“Don’t forget that some of these INEC officials are not saints and they can’t imbibe the vision of the INEC chairman for a free and fair election. There is nepotism there, bribery, people who have secured interest, agents collecting money, and other human factors that may make rubbish of an election no matter how much effort you put in there.

“The saving grace that the INEC chairman enjoys is that the issue of the uploading of election results online is not in our Electoral Act, 2022 as Amended. The only regret I have is that it was INEC that gave his words that everything would be done electronically.

“I want to advise that because of the peculiarities of Nigerian politics, we should tread softly and should not bite more than we can chew and we should not undertake or give promise when we know that it is not humanly possible or some circumstances can make things to change,” he admonished.

Speaking on condition of anonymity, a chieftain of the People’s Democratic Party from one of the South-South states admitted that politicians rather than the courts or INEC were to blame for the “ugly development.”

“If you are looking for the reasons, don’t go too far. We politicians are to blame for the ugly development. You cannot blame the Judiciary. The court will not come to you; it is you who will always go to the court. And you cannot blame the umpire either. The rules are already set. They try, most of the time, about 90 per cent to follow the rules. But do you know that politicians are always looking for ways to violate the rules thinking they will get away with it. But when another person says no, I won’t agree, and then the court comes in and in the process, we the politicians are indirectly outsourcing the mandate to govern or rule or lead the people for a given period of time to the courts of law. Outsourcing because when the court will scrutinise whatever has happened in the process of adjudication, that power to confer mandate on an individual would have been passed to the court of law to exercise,” he explained.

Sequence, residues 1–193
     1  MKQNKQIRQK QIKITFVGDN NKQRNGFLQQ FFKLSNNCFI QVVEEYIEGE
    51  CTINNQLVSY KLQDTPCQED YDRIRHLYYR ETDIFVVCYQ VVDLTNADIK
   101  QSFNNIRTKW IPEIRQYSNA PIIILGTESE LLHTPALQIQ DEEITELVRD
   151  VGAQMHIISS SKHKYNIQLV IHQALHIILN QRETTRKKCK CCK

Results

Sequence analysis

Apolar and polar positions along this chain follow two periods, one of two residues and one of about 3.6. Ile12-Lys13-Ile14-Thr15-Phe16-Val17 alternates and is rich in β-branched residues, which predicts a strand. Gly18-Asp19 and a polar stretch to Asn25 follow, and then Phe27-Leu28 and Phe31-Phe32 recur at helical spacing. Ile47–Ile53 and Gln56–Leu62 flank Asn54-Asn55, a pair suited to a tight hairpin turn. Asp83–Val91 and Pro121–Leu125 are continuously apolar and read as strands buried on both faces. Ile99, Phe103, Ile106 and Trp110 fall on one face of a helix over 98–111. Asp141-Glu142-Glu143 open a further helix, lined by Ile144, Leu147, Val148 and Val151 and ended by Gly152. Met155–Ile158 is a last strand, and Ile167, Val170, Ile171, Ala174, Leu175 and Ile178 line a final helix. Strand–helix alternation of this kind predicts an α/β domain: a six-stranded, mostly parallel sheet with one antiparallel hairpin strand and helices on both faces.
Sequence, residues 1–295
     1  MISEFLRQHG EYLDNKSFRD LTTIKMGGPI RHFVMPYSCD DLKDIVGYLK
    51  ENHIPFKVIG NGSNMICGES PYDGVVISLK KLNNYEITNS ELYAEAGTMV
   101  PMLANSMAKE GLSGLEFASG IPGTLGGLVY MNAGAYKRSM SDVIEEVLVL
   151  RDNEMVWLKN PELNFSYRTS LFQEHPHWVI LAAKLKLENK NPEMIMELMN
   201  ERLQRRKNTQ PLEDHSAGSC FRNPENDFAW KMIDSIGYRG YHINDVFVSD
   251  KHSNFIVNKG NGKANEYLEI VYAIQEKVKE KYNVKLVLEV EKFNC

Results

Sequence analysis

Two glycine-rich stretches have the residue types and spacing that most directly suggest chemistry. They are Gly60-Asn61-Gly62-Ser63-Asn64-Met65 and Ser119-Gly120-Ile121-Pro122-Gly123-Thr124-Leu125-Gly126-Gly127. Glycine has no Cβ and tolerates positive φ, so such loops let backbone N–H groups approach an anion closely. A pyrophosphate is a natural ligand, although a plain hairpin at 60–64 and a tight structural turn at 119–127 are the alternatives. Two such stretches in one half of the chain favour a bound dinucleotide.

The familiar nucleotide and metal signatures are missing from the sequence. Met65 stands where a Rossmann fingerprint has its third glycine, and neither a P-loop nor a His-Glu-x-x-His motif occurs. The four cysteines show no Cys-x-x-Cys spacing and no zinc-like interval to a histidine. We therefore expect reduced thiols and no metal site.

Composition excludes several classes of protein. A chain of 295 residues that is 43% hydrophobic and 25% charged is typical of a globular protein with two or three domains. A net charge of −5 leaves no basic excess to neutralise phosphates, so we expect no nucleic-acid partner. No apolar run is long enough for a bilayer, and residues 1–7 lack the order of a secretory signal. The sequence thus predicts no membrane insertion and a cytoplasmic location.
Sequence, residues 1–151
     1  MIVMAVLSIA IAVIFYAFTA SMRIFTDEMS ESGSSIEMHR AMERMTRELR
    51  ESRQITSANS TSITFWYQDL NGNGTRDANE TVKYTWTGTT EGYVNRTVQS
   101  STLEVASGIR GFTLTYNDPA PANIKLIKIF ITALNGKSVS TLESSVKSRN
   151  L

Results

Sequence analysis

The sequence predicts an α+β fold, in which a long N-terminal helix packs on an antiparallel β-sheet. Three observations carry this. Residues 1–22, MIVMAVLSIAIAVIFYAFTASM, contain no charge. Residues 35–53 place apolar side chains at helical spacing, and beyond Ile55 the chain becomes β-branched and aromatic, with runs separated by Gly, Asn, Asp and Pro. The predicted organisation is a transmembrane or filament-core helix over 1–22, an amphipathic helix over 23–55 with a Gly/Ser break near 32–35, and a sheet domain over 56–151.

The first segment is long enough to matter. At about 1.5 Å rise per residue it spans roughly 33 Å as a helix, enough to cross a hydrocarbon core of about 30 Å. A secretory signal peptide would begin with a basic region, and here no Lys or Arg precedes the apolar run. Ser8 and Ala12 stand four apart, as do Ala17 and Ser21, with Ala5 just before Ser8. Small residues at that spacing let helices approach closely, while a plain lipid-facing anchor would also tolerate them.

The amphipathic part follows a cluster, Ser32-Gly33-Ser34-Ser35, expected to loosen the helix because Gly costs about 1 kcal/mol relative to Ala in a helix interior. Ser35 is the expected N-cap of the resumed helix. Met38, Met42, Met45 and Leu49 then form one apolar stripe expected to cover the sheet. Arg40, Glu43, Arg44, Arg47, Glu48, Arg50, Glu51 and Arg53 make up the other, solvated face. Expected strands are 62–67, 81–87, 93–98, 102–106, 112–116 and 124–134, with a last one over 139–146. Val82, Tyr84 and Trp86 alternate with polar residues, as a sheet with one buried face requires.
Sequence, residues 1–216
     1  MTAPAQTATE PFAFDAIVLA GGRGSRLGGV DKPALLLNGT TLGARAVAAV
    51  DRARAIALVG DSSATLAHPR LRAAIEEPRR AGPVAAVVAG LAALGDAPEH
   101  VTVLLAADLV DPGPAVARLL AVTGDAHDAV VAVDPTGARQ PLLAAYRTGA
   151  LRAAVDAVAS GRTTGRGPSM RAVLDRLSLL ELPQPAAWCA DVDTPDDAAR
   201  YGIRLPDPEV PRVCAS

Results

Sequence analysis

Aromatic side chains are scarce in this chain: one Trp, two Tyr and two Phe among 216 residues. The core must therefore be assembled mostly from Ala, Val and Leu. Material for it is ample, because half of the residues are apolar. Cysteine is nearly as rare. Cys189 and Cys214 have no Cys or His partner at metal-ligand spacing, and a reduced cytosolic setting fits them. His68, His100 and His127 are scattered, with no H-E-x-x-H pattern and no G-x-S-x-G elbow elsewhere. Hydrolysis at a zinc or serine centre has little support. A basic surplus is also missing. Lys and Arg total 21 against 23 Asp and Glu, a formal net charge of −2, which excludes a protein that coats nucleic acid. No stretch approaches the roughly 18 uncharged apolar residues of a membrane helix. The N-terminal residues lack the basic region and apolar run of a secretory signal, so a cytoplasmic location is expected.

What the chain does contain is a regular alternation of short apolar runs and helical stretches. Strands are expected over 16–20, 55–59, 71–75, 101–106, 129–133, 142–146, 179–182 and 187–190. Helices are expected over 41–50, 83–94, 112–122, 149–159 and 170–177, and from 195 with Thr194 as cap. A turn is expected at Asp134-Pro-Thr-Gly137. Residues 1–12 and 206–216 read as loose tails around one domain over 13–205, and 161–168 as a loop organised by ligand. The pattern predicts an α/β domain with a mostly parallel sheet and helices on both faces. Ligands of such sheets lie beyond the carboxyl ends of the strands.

He argued that until politicians learned to be free, fair and credible in their dealings, electoral matters would always go to the law courts for final determination.